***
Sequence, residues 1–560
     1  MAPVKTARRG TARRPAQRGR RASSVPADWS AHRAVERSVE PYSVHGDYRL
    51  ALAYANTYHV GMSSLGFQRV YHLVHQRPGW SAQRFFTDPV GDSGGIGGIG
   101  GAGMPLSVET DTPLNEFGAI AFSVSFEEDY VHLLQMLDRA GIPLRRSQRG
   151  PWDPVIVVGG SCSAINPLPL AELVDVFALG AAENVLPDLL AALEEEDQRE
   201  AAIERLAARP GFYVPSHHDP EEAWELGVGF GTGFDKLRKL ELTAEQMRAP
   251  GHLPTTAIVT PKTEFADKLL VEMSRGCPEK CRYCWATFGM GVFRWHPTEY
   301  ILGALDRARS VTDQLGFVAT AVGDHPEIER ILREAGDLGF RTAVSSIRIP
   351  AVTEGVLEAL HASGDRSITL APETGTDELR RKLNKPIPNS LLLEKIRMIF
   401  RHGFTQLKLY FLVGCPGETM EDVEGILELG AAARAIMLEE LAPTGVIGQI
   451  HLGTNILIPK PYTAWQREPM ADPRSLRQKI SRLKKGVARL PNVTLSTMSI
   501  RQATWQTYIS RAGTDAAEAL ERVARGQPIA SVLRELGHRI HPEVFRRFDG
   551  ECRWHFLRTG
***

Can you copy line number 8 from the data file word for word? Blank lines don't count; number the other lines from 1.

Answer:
   301  ILGALDRARS VTDQLGFVAT AVGDHPEIER ILREAGDLGF RTAVSSIRIP